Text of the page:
2) Emory Libraries US History specialist Dr. Bruchko’s contact information for help with research:

3) BBC Timeline of North American/US History Excellent timeline that lays out major political and cultural events since the Colonial Era.

4) Library of Congress, Chronicling American History: Recommended Topics List Offers short summaries and research suggestions for each topic.

5) Reader’s Companion to American History Fairly comprehensive alphabetical collection of short articles on a large range of events, people, and themes in US history. Offers linked topics at the bottom of each page.

6) Encyclopedia of American Studies Similar resource as above, but puts topics in a cultural scholarship context.

7) American History Now Very useful for getting ideas about what topics recent historians have written on. The first half is an overview of history by era and the second half is an overview by themes.

8) Oxford Research Encyclopedias: American History Huge collection of topic articles, summaries of literature, and further reading

9) Oxford Companion to US History

10) EBSCOhost American History & Life,ip,uid&profile=ehost&defaultdb=ahl

11) Oxford Encyclopedia of American Political and Legal History

12) A Companion to American Cultural History

13) Oxford Encyclopedia of American Cultural and Intellectual History

14) Princeton Encyclopedia of American Political History

15) Oxford Research Encyclopedia of American History

16) Cambridge Companion to Modern American Culture

17) A Companion to 19th-Century America

18) Reader’s Companion to the American Presidency

19) International Encyclopedia of Political Science

20) Oxford Encyclopedia of American Business, Labor, and Economic History

21) American Immigration: A Student Companion

22) Project MUSE


Assignment 2: Comparing New York Times Commentary on Communication Revolutions, a Century (Plus) Apart

For the second primary source assignment, read the two articles linked below and, in your post, explore how their discussions of the impact of technology compare and contrast. As you read, think about how communication and information are closely overlapping concepts. The railroad, the electronic telegraph, and internet are all technologies that, at their heart, allowed for more rapid communication and linked together society in a new way, while provoking a lot of discussion about just how things were new.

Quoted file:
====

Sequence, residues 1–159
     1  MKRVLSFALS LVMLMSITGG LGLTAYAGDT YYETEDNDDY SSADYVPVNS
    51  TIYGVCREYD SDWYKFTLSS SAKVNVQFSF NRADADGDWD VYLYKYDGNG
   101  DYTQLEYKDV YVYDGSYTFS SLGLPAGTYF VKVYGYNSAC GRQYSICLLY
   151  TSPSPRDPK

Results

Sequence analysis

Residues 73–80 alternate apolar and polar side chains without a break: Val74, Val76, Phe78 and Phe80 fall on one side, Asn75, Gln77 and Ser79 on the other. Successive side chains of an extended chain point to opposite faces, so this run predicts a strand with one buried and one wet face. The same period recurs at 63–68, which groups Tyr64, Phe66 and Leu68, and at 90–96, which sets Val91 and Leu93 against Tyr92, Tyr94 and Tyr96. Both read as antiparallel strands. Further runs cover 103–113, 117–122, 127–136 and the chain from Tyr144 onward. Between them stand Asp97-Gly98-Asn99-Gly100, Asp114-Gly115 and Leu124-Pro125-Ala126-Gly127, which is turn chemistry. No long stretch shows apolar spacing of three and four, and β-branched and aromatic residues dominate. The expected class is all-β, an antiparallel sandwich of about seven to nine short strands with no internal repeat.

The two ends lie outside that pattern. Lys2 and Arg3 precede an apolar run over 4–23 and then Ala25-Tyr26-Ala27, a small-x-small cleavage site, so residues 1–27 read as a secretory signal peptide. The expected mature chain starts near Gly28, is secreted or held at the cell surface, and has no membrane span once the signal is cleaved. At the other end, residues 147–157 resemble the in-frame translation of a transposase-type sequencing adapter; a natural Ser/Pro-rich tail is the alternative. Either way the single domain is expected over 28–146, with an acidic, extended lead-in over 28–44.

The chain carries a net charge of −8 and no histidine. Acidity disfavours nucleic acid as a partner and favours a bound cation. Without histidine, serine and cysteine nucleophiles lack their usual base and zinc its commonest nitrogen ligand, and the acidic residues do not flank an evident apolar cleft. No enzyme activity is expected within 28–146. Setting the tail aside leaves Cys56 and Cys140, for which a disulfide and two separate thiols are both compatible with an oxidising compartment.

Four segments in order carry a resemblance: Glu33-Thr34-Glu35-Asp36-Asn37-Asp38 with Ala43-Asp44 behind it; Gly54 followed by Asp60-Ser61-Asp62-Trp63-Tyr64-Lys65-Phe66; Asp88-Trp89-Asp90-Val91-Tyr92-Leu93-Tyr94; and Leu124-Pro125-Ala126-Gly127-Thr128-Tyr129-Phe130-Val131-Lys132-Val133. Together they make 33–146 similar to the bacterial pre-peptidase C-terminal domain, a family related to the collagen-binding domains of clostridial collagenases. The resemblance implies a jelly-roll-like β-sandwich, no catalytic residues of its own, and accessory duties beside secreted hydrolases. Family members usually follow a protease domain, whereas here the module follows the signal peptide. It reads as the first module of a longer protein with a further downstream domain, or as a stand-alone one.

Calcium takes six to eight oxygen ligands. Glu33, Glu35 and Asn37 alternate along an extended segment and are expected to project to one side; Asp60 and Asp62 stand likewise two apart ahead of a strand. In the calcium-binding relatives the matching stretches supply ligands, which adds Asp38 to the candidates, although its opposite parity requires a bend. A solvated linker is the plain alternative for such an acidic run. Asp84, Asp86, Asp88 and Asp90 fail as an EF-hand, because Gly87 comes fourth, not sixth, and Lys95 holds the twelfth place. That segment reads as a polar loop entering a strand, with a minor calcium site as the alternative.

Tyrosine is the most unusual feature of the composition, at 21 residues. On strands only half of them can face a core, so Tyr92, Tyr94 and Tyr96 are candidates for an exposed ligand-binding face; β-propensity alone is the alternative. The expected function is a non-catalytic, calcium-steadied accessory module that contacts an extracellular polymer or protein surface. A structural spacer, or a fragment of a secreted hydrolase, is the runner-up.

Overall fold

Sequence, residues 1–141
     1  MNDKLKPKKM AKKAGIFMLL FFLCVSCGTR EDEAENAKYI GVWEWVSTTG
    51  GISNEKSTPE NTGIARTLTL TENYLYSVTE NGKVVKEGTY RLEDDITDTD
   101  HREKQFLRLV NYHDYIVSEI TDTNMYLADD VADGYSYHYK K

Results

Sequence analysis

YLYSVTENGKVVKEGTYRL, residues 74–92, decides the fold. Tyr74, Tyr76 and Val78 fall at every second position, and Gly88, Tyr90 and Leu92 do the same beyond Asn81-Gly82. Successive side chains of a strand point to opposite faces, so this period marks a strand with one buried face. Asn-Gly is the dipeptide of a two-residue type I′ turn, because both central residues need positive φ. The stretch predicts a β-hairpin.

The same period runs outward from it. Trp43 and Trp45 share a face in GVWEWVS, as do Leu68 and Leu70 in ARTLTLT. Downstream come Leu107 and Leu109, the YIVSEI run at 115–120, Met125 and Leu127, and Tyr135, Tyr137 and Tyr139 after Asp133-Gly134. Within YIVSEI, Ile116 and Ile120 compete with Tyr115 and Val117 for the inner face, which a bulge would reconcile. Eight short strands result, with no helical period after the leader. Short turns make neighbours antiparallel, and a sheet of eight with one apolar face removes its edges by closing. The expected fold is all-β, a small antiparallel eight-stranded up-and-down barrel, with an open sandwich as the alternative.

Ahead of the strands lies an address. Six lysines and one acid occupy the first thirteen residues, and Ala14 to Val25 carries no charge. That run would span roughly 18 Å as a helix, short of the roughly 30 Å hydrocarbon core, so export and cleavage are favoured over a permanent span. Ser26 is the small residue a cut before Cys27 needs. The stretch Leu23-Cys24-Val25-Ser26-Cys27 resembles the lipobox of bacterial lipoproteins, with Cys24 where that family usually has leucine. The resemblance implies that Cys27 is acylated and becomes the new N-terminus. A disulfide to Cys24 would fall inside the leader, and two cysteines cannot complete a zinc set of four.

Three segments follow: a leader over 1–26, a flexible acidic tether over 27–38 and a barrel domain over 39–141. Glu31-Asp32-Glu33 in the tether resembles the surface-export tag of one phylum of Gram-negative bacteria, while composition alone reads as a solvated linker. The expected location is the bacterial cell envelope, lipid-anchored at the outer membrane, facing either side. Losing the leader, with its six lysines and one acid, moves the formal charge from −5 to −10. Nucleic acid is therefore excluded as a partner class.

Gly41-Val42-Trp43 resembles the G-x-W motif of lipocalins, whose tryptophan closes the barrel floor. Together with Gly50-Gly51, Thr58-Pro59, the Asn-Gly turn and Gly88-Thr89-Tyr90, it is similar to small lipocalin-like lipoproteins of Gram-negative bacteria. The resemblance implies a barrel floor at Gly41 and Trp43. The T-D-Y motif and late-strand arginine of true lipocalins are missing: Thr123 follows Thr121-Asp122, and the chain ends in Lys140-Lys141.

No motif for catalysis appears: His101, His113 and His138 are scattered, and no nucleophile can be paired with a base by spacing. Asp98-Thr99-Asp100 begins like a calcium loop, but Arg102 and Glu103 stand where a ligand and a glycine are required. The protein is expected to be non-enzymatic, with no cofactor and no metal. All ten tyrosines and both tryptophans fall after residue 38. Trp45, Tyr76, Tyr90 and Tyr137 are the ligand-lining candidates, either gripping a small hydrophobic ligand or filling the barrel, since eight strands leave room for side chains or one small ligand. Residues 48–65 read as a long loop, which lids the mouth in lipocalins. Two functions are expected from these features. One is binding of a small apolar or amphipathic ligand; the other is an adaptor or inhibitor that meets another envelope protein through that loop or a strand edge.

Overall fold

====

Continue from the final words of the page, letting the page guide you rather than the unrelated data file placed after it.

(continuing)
Some questions that might help guide you, suggested but not required: What powers or changes in society do each author attribute to communications technology? How would you describe the overall tone or attitude about the effects of new technology in each piece?

Beyond the themes these articles address, you can also think about the language at a more basic level: What kind of words are used and can this tell you something about the broader culture that each piece emerged out of?

Finally, say something–at least briefly–about how themes presented here relate to our readings and/or class discussion on the history of information.

Good luck!

GEORGE STEPHENSON’S CENTENARY. (1881, Jun 09). New York Times (1857-1922)

Friedman, T. L. (2013, Jan 30). It’s P.Q. and C.Q. as much as I.Q. New York Times (1923-Current File)

Class Schedule

Week 1: Overview Jan. 15

Week 2: Introduction to Digital Archives Jan. 22

Reading: “Archives in Context and As Context,” Kate Theimer, Journal of Digital Humanities.

Daniel J. Cohen and Roy Rosenzweig, Digital History: A Guide to Gathering, Preserving, and Presenting the Past on the Web, “Introduction”; Ch. 1: “Exploring the History Web”; Ch. 3: “Becoming Digital: Preparing Historical Materials for the Web.”

Week 3: The Information Society Jan 27 & 29

First primary source analysis/blog assignment given Due Monday, Feb. 3

Reading: “The Idea of an Information Society,” in Frank Webster, ed., Theories of the Information Society (London: Routledge, 2006).

Marshall McLuhan, selection from The Gutenberg Galaxy (Toronto: University of Toronto Press, 2011).

Week 4: Is the Digital “New?” Continuities and Discontinuities in the Culture of Information Feb. 3 & 5

Reading: Selections from: Alex Wright, Glut: Mastering Information Through the Ages (Ithaca: Cornell University Press, 2008).

Lev Manovich, “Database as a Genre of New Media,” AI and Society.

Marshall Poe, “The Internet Changes Nothing,” History News Network, 28, 2010.

Week 5: History of Newspapers in the US Feb. 10 & 12

Second primary source analysis/blog assignment given Due Mon., Feb. 17

Reading: Selections from: Christopher B. Daly, Covering the Nation: A Narrative History of a Nation’s Journalism (Amherst: University of Massachusetts Press, 2012). Pgs. 56-66 and Pgs. 112-150